For most, major purchases like a home or car will require financing. That loan will also come with interest cost — a percentage of your loan charged by the lender for letting you borrow from them. For an auto loan, this percentage may be calculated using what is known as simple interest. By understanding how simple interest works, you may just save a little bit of money over the course of your loan.
How does a simple interest auto loan work?
Simple interest is relatively straightforward. Your outstanding principal balance is multiplied by the daily interest rate (your interest rate divided by 365) to calculate your interest payment. Essentially, you pay interest based on how much of the principal you still owe and the number of days you owe it. Before proceeding further, let’s define some of these terms.
What is a loan’s principal?
Your loan’s principal might sound like it’ll assign you detention, but don’t worry, it’s nothing sinister! The principal refers to the money you borrowed. It's the actual amount you received access to, and its outstanding balance is what accumulates interest.
What is a loan’s interest?
Interest is the amount a lender charges you on top of your loan. Interest is usually expressed as a percentage of the loan, customarily known as its interest rate.
What is a loan’s APR?
Along with the interest rate, you may see an additional percentage number advertised on an auto loan referring to the annual percentage rate (APR). This number might be exactly the same as your interest rate, but it may also be higher. That’s because APR considers your interest rate as well as certain additional fees associated with your loan. Therefore, this number can help to provide a more transparent and accurate picture of the true cost of borrowing money.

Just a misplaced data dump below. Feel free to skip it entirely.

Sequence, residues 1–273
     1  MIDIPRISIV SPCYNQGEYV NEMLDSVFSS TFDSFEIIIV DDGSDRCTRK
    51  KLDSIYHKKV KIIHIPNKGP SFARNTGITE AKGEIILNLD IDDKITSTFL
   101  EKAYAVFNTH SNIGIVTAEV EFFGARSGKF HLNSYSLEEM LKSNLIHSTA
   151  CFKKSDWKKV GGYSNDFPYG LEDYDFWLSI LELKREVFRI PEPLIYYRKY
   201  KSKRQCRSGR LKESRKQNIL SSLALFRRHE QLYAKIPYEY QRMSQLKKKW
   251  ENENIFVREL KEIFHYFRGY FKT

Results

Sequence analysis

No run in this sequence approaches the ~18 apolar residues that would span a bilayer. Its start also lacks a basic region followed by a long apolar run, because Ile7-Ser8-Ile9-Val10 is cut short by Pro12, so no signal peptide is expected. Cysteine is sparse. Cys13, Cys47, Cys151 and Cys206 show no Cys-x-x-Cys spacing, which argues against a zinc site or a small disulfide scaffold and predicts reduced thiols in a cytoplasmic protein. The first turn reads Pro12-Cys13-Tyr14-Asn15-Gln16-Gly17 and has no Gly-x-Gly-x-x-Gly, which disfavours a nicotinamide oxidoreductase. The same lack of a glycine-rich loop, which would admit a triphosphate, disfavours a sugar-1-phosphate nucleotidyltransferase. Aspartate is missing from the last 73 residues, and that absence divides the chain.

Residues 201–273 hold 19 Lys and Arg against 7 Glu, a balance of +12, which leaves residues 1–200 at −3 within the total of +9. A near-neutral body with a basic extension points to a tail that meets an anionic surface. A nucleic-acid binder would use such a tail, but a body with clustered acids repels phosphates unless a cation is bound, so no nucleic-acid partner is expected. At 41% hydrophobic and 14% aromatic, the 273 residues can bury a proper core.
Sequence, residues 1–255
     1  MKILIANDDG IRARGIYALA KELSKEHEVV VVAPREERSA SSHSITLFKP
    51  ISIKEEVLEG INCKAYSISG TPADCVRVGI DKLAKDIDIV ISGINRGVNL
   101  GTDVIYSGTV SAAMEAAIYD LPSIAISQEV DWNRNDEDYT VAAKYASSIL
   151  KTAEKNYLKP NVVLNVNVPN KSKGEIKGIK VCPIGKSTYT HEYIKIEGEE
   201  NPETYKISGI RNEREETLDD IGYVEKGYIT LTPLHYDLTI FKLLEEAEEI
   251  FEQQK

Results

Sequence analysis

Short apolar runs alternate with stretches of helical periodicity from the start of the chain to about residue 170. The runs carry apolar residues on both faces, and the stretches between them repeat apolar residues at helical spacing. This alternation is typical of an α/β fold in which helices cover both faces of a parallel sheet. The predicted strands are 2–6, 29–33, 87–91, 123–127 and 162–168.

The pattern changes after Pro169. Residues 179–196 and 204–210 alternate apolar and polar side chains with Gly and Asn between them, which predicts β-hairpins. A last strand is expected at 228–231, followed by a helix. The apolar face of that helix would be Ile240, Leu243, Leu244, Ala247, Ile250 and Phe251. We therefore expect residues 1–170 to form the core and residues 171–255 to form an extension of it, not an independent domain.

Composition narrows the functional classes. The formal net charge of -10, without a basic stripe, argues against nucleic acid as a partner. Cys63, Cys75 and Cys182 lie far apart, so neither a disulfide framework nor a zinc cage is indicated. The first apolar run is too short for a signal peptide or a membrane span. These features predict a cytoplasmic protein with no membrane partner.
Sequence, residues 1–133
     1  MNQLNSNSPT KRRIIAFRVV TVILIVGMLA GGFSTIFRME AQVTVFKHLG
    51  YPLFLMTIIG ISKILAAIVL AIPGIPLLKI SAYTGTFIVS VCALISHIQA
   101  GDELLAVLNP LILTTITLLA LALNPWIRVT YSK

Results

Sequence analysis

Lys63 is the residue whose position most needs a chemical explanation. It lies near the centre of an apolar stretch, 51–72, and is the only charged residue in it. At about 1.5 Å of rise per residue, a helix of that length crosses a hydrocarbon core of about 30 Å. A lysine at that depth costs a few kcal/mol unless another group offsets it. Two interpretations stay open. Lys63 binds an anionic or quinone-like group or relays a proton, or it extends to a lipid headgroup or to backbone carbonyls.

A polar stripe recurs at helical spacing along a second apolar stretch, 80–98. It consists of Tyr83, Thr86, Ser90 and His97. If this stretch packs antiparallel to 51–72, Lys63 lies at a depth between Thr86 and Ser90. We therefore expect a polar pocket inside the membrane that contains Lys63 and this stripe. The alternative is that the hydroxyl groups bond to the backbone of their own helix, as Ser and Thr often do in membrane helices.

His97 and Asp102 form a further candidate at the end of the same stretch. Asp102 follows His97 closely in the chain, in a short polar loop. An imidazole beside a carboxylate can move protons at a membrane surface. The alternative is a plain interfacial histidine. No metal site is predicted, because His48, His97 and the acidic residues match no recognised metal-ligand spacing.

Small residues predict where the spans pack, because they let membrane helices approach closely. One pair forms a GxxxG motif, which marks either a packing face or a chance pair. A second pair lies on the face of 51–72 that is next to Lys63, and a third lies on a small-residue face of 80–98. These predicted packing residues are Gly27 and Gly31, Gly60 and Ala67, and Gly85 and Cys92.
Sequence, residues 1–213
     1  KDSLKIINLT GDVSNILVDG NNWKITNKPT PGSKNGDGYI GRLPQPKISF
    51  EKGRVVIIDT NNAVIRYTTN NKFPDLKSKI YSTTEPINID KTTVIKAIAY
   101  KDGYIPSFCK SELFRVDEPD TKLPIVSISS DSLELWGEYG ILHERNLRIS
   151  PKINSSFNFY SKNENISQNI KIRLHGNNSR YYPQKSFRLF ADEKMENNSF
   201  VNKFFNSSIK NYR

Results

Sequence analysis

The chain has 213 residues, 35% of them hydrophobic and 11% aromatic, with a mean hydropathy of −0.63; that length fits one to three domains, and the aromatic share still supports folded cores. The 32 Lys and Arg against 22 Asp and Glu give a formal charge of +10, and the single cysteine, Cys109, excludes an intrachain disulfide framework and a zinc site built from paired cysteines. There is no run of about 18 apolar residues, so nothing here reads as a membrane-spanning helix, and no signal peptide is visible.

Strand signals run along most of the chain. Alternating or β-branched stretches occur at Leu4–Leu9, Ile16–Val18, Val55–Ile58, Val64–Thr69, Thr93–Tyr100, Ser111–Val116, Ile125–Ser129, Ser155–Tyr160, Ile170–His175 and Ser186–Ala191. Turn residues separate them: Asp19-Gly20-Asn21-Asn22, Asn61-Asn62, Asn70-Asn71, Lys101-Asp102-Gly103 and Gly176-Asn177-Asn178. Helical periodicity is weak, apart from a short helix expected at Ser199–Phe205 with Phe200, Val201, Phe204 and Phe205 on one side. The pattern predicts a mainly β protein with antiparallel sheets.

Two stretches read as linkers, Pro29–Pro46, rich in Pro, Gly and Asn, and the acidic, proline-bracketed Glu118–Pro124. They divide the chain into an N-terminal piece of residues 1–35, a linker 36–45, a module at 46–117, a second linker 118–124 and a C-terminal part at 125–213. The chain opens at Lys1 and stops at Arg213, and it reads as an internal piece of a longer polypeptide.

Early or extra payments on simple interest auto loans
With simple interest auto loans, your payment amount and due date tend to be consistent every month. Barring any payment discrepancies or changes to your account, your payment schedule is set up so that your balance will ideally be zeroed-out by the end of your loan.
Your payments are first applied toward your outstanding interest and any additional fees. Whatever’s left afterward is what goes toward your outstanding principal. When you pay before your due date or pay extra, more of that payment goes toward lowering your principal balance.
Late or insufficient payments on simple interest loans
A late or insufficient payment on a loan, even by a few days, may be detrimental to you as a borrower. Since interest accrues daily, a late payment means more of your money has to go toward your interest first. Consistently late or insufficient payments might even end up adding significantly to the amount you pay over the life of your loan, costing you more than you initially bargained for.
Simple interest (PDF) can make paying off your auto loan a relatively straightforward process, especially if you follow the payment schedule you worked out with your lender. Paying late, or not paying enough, may end up costing you more due to greater interest accrued. Paying early or extra, on the other hand, may have the opposite effect and potentially save you some money.